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Filed under It Ain't Perry Mason, Logic Isn't Always The Life Of The Law, Pieces of the puzzle, Probates and Estates, The Practice

A Plague of Pro Ses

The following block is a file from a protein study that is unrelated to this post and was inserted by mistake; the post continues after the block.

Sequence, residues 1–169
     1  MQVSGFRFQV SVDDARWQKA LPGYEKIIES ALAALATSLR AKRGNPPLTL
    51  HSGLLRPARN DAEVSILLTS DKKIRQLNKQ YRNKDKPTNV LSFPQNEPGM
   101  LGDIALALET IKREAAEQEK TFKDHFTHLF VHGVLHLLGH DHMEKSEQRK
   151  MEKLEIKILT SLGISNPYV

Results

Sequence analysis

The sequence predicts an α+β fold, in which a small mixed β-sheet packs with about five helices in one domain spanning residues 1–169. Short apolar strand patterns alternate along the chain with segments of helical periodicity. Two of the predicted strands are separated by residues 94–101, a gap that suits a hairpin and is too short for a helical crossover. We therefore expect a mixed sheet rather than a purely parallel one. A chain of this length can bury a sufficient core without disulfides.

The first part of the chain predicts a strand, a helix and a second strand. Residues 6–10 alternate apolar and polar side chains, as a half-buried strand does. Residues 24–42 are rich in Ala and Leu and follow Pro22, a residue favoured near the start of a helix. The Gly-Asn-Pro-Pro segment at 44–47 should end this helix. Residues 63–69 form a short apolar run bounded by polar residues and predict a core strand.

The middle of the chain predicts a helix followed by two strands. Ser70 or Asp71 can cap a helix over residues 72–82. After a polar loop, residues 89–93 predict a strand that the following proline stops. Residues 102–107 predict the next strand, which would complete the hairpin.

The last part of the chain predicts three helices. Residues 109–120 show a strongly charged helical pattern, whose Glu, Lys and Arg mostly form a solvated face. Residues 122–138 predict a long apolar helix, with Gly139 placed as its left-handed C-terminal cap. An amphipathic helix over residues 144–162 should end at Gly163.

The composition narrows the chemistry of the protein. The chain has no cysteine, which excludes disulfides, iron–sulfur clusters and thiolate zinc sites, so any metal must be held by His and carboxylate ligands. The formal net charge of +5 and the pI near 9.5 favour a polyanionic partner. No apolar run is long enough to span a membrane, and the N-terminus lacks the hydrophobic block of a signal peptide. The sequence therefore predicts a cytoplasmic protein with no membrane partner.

When I was still a brand new baby lawyer, I wrote a piece about the unexpected things that happen in the practice of law that they don’t teach you about in law school.  These are the kinds of things that used to stress me out.  Now I just try not to laugh out loud.  Sometimes, I fail.  Case in point:  The two counties I do most of my practice in have gone to e-filing almost every civil matter, which means that there is very little that we as lawyers get to present in person to the judges anymore.  New probates are one of the exceptions to this, and I go to court for all the probate matters in our office.  I enjoy the chance to sit in the Commissioner’s Court and listen in.  Sometimes the matters are entertaining, sometimes they are instructive, but most of the tim, they serve to remind me why I don’t want to become a Court Commissioner, despite the fact that the job comes with a gavel, a nifty black robe, and a nice salary.  That was the case on my latest trip, although it was also entertaining.